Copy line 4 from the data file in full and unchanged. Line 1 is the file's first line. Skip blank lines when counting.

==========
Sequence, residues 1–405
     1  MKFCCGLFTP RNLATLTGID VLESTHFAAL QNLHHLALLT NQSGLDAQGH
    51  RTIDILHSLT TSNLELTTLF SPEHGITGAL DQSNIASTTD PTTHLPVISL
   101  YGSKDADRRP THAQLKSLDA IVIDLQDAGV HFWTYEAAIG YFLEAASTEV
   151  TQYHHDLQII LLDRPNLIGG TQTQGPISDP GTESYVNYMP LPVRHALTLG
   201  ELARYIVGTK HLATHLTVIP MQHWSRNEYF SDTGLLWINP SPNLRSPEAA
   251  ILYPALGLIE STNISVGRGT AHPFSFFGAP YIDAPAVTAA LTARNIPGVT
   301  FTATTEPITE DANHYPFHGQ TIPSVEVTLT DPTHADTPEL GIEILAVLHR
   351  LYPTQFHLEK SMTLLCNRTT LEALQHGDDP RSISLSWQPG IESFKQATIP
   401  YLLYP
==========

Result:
   101  YGSKDADRRP THAQLKSLDA IVIDLQDAGV HFWTYEAAIG YFLEAASTEV